The EU’s Proposal to Keep Britain in the Bloc
British Prime Minister David Cameron is calling the proposal "real progress," but says more work needs to be done.
European Council President Donald Tusk published a draft agreement Tuesday that he hopes will keep Britain in the EU.
The draft, which must be supported by the bloc’s other 27 member states, will be the subject of debate at an EU summit later this month. Britons will also vote by the end of 2017—though a vote could come as soon as this summer—in what’s being called an in-out referendum on whether to stay in the EU.
Britain’s major concerns with EU membership, as we have previously reported, center on four areas: economic governance, competitiveness, sovereignty, and immigration. The draft agreement released Tuesday discuses each of those issues. For one, it would give national parliaments the power to block EU legislation; it would not commit Britain to an “ever closer union” with the rest of the bloc, and it would allow for what British media are calling an “emergency brake” on benefits granted to immigrants.
Tusk presented the draft agreement in Shakespearian terms:
To be, or not to be together, that is the question... My proposal for a new settlement for #UKinEU https://t.co/w4VSmnbahQ— Donald Tusk (@eucopresident) February 2, 2016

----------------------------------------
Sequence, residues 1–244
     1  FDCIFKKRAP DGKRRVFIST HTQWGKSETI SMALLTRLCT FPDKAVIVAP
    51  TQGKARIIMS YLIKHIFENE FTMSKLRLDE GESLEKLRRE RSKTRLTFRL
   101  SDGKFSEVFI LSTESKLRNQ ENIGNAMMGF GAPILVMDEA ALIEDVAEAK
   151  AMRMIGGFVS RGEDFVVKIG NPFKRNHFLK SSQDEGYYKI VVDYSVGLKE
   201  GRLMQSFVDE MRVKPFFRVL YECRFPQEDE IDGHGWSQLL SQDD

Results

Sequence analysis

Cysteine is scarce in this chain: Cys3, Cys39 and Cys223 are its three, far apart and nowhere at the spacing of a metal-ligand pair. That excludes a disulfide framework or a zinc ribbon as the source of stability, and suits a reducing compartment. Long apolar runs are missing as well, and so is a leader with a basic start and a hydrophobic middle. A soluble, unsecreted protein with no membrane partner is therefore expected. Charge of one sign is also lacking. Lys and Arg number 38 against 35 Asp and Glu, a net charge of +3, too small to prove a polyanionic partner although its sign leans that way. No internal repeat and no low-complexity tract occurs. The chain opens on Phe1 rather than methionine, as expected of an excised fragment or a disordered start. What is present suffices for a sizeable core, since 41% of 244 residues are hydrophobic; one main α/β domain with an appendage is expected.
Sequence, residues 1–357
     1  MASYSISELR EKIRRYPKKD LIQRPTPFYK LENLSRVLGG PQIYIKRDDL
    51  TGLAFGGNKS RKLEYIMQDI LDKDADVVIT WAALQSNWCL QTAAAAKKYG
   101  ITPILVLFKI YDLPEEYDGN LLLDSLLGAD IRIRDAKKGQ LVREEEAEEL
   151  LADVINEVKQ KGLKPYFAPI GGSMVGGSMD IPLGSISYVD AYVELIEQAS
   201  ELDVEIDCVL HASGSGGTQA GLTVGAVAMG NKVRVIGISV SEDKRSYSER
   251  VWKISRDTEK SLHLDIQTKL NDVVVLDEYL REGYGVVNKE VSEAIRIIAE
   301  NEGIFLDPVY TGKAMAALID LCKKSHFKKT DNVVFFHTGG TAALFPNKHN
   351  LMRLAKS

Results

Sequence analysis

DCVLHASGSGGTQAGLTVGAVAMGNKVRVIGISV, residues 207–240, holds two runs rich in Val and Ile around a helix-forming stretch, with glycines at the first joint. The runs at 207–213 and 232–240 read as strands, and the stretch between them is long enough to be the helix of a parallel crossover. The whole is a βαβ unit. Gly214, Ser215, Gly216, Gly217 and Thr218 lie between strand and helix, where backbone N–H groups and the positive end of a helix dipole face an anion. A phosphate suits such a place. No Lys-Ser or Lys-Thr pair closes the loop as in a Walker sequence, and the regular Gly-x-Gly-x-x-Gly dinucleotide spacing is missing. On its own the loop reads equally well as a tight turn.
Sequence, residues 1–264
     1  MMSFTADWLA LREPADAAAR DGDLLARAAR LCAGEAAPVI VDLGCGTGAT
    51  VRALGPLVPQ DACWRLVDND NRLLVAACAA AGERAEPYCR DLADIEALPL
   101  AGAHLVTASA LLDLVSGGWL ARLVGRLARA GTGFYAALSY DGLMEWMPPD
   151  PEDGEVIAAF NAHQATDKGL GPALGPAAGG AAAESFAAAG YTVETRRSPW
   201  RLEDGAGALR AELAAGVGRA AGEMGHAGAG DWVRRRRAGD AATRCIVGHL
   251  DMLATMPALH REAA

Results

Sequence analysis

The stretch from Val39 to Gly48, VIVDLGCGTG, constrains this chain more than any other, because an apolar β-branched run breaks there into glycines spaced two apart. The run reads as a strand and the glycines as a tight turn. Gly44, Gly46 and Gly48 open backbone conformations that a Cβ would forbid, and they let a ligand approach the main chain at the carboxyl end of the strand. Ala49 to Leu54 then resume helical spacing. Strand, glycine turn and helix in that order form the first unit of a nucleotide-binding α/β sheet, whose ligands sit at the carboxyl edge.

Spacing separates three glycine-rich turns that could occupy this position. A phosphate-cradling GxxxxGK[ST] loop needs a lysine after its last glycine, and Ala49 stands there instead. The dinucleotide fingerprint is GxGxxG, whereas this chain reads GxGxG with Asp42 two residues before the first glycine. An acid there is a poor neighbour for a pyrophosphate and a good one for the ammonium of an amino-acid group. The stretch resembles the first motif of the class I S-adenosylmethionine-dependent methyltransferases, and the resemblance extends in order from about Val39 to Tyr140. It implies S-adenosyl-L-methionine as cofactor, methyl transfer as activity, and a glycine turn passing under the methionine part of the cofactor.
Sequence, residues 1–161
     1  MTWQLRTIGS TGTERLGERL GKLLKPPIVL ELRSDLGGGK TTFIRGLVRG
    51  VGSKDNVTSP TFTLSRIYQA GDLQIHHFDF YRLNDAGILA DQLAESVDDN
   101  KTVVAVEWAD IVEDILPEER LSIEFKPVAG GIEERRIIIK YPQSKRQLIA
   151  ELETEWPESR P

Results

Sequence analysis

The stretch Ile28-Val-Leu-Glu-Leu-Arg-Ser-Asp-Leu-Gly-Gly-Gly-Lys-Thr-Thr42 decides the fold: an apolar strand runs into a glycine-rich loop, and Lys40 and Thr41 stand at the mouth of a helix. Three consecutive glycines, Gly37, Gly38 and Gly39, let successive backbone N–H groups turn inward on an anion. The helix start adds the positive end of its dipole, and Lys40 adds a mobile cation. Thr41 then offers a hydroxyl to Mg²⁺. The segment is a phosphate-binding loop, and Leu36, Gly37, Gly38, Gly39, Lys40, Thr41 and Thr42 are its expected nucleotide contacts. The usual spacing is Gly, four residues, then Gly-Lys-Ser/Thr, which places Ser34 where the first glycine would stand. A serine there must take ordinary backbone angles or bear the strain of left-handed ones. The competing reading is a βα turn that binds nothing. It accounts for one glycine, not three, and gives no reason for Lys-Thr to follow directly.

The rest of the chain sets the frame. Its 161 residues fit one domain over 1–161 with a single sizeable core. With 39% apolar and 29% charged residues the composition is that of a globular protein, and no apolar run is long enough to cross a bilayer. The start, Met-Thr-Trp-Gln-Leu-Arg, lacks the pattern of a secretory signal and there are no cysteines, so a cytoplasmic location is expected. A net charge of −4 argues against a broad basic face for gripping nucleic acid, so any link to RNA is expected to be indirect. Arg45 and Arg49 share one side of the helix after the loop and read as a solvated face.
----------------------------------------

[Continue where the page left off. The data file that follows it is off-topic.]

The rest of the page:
Draft EU renegotiation document shows real progress in all four areas where UK needs change but there's more work to do.— David Cameron (@David_Cameron) February 2, 2016
In a letter to the members of the European Council, Tusk wrote:
Keeping the unity of the European Union is the biggest challenge for all of us and so it is the key objective of my mandate. It is in this spirit that I put forward a proposal for a new settlement of the United Kingdom within the EU. To my mind it goes really far in addressing all the concerns raised by Prime Minister Cameron. The line I did not cross, however, were the principles on which the European project is founded.
I deeply believe that our community of interests is much stronger than what divides us. To be, or not to be together, that is the question which must be answered not only by the British people in a referendum, but also by the other 27 members of the EU in the next two weeks.
This has been a difficult process and there are still challenging negotiations ahead. Nothing is agreed until everything is agreed. I am convinced that the proposal is a good basis for a compromise.